requests = Enum.map(
     Floki.find(document, ".link-to-all") |> Floki.attribute("href"),
     fn url -> Crawly.Utils.request_from_url(url) end
     )

   item = %{
     url: response.request_url,
     title: Floki.find(document, ".page-title-sm") |> Floki.text(),
     article_body: Floki.find(document, ".default-content") |> Floki.text(),
     author: Floki.find(document, ".post-info__author") |> Floki.text(),
     publishing_date: Floki.find(document, ".header-inner .post-info .post-info__item span") |> Floki.text()
   }
   %{items: [item], requests: requests}
 end
end


That’s all, folks! Thanks for reading! 

Well, not really. Let’s schedule this version of the spider again, and let’s see the results:

Scraping results

As you can see, the spider could only extract 34 items. This is quite interesting, as it’s pretty clear that Erlang Solution’s blog contains way more items. So why do we have only this amount? Can anything be done to improve it?

Debugging your spider

Some intelligent developers write everything just once, and everything works. Other people like me have to spend time debugging the code.

In my case, I start with exploring logs. There is something there I don’t like:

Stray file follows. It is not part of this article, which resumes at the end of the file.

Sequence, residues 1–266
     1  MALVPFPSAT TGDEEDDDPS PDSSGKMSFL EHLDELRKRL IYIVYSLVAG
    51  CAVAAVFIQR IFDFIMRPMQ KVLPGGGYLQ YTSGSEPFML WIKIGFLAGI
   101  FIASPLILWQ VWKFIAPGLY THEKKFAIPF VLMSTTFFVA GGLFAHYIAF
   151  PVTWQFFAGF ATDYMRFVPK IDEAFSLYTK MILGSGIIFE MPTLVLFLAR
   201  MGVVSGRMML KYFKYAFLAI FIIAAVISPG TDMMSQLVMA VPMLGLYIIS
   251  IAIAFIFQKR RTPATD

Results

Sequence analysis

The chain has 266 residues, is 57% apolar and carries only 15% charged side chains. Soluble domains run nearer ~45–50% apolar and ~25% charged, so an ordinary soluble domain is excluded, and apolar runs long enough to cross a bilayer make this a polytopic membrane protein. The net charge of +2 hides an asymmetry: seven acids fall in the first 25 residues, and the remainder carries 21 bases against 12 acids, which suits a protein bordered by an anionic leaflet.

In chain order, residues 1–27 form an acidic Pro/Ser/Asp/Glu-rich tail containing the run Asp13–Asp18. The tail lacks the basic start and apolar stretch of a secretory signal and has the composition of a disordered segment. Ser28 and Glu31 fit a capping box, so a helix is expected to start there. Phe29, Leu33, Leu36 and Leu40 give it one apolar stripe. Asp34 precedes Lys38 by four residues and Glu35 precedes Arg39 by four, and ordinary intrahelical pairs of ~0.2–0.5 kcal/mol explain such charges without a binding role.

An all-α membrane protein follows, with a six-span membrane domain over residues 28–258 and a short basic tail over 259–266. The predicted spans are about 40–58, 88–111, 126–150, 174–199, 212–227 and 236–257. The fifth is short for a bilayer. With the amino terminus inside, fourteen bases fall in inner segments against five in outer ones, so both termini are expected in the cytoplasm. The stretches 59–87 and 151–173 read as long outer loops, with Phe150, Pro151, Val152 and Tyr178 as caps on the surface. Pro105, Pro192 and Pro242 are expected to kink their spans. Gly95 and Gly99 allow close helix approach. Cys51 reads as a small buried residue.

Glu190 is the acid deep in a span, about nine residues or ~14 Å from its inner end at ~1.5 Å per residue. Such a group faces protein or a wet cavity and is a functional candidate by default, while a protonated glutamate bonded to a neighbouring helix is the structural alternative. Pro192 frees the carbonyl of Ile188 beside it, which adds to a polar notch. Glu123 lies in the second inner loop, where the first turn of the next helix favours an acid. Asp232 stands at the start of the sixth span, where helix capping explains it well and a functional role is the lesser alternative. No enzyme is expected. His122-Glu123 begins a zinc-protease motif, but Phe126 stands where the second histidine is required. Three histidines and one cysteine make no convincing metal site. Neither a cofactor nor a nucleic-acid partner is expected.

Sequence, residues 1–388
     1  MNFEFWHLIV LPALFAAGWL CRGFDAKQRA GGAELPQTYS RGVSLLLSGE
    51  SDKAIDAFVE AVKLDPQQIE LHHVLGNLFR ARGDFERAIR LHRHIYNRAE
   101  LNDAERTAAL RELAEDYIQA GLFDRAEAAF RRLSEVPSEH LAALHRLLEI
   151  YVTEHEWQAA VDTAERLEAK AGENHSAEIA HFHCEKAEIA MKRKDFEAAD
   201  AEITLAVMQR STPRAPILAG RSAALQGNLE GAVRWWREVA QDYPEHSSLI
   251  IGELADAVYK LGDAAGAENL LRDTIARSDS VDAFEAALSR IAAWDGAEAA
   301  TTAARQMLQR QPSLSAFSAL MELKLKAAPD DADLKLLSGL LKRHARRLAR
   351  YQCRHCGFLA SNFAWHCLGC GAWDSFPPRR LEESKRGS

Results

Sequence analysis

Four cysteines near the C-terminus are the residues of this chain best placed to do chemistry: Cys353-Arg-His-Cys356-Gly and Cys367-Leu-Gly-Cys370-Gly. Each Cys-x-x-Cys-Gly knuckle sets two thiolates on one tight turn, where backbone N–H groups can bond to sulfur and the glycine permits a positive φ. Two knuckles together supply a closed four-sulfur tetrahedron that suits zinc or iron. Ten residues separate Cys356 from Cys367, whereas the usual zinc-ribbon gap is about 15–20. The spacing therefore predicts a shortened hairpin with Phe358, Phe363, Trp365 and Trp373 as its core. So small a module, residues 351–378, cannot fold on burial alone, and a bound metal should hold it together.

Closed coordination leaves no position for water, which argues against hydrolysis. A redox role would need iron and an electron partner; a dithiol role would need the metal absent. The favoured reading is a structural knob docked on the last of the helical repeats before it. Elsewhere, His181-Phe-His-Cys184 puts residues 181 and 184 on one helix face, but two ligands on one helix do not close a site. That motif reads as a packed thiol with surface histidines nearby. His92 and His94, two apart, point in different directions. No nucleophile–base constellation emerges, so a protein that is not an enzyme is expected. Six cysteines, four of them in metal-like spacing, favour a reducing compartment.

08:23:37.417 [info] Dropping item: %{article_body: “Scalable and Reliable Real-time MQTT Messaging Engine for IoT in the 5G Era.We work with proven, world leading technologies that provide a highly scalable, highly available distributed message broker for all major IoT protocols, as well as M2M and mobile applications.Available virtually everywhere with real-time system monitoring and management ability, it can handle tens of millions of concurrent clients.Today, more than 5,000 enterprise users are trusting EMQ X to connect more than 50 million devices.As well as being trusted experts in EMQ x, we also have 20 years of experience building reliable, fault-tolerant, real-time distributed systems. Our experts are able to guide you through any stage of the project to ensure your system can scale with confidence. Whether you’re hunting for a suspected bug, or doing due diligence to future proof your system, we’re here to help. Our world-leading team will deep dive into your system providing an in-depth report of recommendations. This gives you full visibility on the vulnerabilities of your system and how to improve it. Connected devices play an increasingly vital role in major infrastructure and the daily lives of the end user. To provide our clients with peace of mind, our support agreements ensure an expert is on hand to minimise the length and damage in the event of a disruption. Catching a disruption before it occurs is always cheaper and less time consuming. WombatOAM is specifically designed for the monitoring and maintenance of BEAM-based systems (including EMQ x). This provides you with powerful visibility and custom alerts to stop issues before they occur. As well as being trusted experts in EMQ x, we also have 20 years of experience building reliable, fault-tolerant, real-time distributed systems. Our experts are able to guide you through any stage of the project to ensure your system can scale with confidence. Whether you’re hunting for a suspected bug, or doing due diligence to future proof your system, we’re here to help. Our world-leading team will deep dive into your system providing an in-depth report of recommendations. This gives you full visibility on the vulnerabilities of your system and how to improve it. Connected devices play an increasingly vital role in major infrastructure and the daily lives of the end user. To provide our clients with peace of mind, our support agreements ensure an expert is on hand to minimise the length and damage in the event of a disruption. Catching a disruption before it occurs is always cheaper and less time consuming. WombatOAM is specifically designed for the monitoring and maintenance of BEAM-based systems (including EMQ x). This provides you with powerful visibility and custom alerts to stop issues before they occur. Because it’s written in Erlang!With it’s Erlang/OTP design, EMQ X fuses some of the best qualities of Erlang. A single node broker can sustain one million concurrent connections…but a single EMQ X cluster – which contains multiple nodes – can support tens of millions of concurrent connections. Inside this cluster, routing and broker nodes are deployed independently to increase the routing efficiency. Control channels and data channels are also separated – significantly improving the performance of message forwarding. EMQ X works on a soft real-time basis. No matter how many simultaneous requests are going through the system, the latency is guaranteed.Here’s how EMQ X can help with your IoT messaging needs?Erlang Solutions exists to build transformative solutions for the world’s most ambitious companies, by providing user-focused consultancy, high tech capabilities and diverse communities. Let’s talk about how we can help you.”, author: “”, publishing_date: “”, title: “”, url: “https://www.erlang-solutions.com/capabilities/emqx/”}. Reason: missing required fields